James Foster controlled some ten local ironworks, including John Bradley and Co. (founded in 1800). Another of his concerns, Foster Rastrick and Co., manufactured some famous local early steam engines, including the ‘Stourbridge Lion’ and the ‘Agenoria’. When he died in April 1853, he was so greatly respected by his workforce that one thousand of them marched four abreast to his funeral in Old Swinford Church.
Twentieth century Old Swinford benefited greatly from the philanthropy of Mr Ernest Stevens (1867-1957), whose wealth was created in enamelled holloware (typical examples being dustbins, buckets and baths). After the death of his wife Mary in 1925, he made a series of gifts for the use of local people. These included Mary Stevens Park and Studley Court at The Heath, Wollesctoe Hall with its surrounding parkland and White Hall, which for many years served as a maternity home.
Ernest Stevens is buried in St Mary’s churchyard.
St Mary’s, Old Swinford
The stained glass in the church reveals an immediate contrast between the evangelical early Victorian nave of 1843 and the Gothic revival late Victorian chancel of 1898. In the relatively unadorned nave the emphasis is on the pulpit and the ‘Word’. The glass is plain and colour is limited to the window heads. In the two chancel windows powerful imagery and strong colours abound everywhere. The Lady Chapel contains three early twentieth century windows in a style similar to that of the chancel.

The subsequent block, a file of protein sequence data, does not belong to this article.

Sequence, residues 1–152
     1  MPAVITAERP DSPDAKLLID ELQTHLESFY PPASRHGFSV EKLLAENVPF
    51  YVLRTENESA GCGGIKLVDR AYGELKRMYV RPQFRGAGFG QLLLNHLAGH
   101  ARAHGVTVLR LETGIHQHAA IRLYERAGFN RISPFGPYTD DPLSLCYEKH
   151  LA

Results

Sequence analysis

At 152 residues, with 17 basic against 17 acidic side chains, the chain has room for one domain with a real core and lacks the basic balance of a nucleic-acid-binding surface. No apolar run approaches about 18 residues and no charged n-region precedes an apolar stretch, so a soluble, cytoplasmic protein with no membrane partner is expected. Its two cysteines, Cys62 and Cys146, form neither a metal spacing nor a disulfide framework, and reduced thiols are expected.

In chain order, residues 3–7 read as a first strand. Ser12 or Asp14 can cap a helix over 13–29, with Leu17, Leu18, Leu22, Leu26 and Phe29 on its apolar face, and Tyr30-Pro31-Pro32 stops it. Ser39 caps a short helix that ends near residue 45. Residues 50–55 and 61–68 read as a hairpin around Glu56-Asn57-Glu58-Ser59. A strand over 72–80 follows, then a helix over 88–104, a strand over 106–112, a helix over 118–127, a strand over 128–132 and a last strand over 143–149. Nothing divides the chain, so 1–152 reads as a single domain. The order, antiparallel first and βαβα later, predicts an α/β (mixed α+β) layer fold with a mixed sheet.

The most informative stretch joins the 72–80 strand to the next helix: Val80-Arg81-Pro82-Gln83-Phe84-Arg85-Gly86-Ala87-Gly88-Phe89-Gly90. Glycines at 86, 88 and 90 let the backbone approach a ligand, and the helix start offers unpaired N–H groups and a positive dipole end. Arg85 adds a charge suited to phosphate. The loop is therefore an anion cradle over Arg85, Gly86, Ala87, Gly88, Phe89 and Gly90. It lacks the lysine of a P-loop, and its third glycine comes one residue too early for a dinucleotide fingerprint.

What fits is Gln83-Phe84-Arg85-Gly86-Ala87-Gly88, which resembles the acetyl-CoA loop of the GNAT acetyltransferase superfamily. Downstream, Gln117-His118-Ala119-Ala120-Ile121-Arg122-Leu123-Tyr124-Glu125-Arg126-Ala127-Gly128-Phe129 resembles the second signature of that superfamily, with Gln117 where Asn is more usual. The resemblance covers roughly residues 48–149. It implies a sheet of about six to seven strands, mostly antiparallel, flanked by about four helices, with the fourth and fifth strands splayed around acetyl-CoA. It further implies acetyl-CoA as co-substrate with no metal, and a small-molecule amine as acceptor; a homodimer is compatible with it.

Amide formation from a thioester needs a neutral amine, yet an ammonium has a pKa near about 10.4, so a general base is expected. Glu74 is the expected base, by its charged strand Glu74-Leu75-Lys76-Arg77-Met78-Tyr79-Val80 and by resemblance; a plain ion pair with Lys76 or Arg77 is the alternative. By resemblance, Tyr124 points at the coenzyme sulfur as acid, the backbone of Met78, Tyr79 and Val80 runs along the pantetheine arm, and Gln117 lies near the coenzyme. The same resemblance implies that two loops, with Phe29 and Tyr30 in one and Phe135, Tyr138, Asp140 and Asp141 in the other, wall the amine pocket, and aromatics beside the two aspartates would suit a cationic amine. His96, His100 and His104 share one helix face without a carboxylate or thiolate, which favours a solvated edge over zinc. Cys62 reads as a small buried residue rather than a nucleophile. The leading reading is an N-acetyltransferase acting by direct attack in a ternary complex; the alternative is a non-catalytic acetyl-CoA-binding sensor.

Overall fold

The long Gothic style windows contain plain glass except at the top. Thin glass panels are held in metal frames as befits a church in an iron producing area. The apex of each window contains brightly coloured glass featuring symbols of Christ and the Eucharist, notably the Lamb, the paten and the chalice. The large rose window in the west wall above the gallery is also filled with coloured glass and is spectacular on a sunny afternoon. A special fund was set up in 1843 to pay for the glass and William Hunt, the church secretary, organised the appeal. Tragically, he fell to his death from his horse a few months before the restoration was complete and a memorial to him can be seen high up on the south chancel wall.
Chancel East Window